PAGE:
Homo sapiens have been around for nearly 200,000 years and have subsisted from a horticultural model for 90% of that time. Agriculture only dates back to 10-12 thousand years ago. As omnivores, we integrated ourselves into the available food system, we hunted, foraged, gathered fruits and nuts along with selecting seeds to plant in specific auspicious places. Archaeologists are now finding that the people of the Americas may have been here longer and were greater in numbers than we suspected. Living on game and perennials versus annuals like modern agriculture does made our impact on the environment nearly null. It is with tilling, mono cropping, irrigation and the cutting of trees for fuel and shelter that we begin to deplete the vegetative skin, ruin our soil and create deserts. In addition with agriculture comes the necessity of guarding the yield, which requires soldiers and armies. Add petroleum (“cheap energy” not really when one inventories the cost to health, environment and culture) and greed to the equation and we have modern, industrialized agriculture, which is increasing deserts, using water and creating devastation at an alarming rate. What took Egypt and ancient Mesopotamia tens of thousands of years to create: a huge desert. We are creating in the USA in less than one hundred years with the dust bowl and the depletion of one of the largest aquifers known to man Olgallala, as proof of our own foolishness.
Like a lay up in basketball, one must go back a few steps to get a running start and jump to make the basket, we must look at how we fed ourselves in the past take note and move forward. Edible food forests are part of our heritage that must be revived. That is why David Jacke, teacher and author of Edible Food Gardens, is coming to New Mexico to teach us how to integrate forestry as part of our renewable food and energy chain.
I asked Jacke what his workshop is about and he responded by saying: “Ecosystem agriculture intends to create food-producing habitats that mimic natural ecosystem properties, principles, patterns, and processes. This workshop explores the vision, theory, design, and practice of ecosystem agriculture using temperate forest ecosystems as the primary general model, and one or two habitats of the Santa Fe region as specific models. Lectures, field observations, and experiential classes will reveal the nature of ecosystem architecture, social structure, underground economics, and succession. Participants will draw conclusions from these experiences, developing practical design principles, practices, patterns, and processes for garden design and management. Once we “get” the bigger patterns that connect, we will focus on the natty gritty of perennial polyculture design.”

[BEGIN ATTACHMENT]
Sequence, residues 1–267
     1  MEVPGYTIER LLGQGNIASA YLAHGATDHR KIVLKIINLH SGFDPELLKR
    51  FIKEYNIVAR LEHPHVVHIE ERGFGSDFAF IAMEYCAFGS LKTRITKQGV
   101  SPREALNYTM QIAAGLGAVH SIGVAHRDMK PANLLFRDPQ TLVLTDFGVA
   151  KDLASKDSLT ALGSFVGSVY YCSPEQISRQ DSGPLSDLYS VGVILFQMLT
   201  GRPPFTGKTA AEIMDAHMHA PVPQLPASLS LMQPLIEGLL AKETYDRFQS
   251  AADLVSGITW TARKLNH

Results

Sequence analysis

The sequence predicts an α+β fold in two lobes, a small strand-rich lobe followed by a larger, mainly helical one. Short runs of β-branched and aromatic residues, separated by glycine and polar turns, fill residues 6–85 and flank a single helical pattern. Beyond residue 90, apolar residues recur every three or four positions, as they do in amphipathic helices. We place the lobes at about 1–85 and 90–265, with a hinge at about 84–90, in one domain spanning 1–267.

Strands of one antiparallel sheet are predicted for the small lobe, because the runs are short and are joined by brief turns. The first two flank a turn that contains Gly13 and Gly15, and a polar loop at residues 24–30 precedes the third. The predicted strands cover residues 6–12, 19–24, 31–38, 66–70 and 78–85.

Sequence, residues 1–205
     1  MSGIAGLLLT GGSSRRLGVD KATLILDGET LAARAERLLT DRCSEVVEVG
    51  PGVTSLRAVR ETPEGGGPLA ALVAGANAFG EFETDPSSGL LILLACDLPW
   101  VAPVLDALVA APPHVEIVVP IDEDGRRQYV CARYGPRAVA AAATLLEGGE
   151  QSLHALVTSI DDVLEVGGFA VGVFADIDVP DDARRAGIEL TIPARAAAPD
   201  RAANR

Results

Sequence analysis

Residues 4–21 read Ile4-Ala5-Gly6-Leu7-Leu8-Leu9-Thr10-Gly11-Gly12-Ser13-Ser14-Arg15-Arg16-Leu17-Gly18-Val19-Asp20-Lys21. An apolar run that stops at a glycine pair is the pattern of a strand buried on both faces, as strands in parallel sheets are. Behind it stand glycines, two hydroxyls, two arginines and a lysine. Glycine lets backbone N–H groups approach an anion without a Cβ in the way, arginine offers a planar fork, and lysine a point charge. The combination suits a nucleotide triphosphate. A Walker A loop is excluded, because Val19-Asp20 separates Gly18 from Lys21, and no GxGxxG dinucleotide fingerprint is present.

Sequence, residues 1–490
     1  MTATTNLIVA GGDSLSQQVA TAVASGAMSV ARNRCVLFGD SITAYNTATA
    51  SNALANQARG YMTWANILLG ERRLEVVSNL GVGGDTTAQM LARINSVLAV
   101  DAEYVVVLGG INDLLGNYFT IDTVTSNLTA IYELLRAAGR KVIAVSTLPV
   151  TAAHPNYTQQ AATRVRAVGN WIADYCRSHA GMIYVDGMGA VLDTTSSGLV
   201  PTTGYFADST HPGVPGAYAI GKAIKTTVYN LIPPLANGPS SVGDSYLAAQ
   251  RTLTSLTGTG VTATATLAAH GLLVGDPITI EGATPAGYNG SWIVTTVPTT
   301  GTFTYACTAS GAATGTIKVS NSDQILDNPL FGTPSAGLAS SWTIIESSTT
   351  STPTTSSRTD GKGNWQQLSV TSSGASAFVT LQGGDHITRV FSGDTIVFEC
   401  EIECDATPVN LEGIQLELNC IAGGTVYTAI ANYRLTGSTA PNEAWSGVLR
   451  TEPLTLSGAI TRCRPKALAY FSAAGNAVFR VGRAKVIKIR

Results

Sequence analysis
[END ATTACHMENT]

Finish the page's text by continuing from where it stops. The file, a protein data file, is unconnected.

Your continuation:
Our ancestors lived on this land for millennia with a polyculture that Jacke describes as “an effective perennial polyculture is a mixture of useful perennial plants that minimizes competition, creates additive yields, and minimizes the gardener’s work and outside inputs. Polyculture design is the most interesting and challenging part of the forest garden design process. This workshop explores the specific ecological theories behind polyculture design through experiential classes and design exercises. Participants will design at least one perennial polyculture during class using Niche Analysis, Guild Build, Ecological Analogs, Patch Design, or other processes.”
Santa Fe Community College on May 30, June 1 and June 2, 2013. Friday 7-9pm and Saturday and Sunday workshops are scheduled for 9:30 a.m. to 4:30 p.m.
Admission is $10 for Friday night, $175 for each full day or $300 for all three days. Discounts are available. Call 505-819-3828 for more information. To register online click here.
Seattle food forest: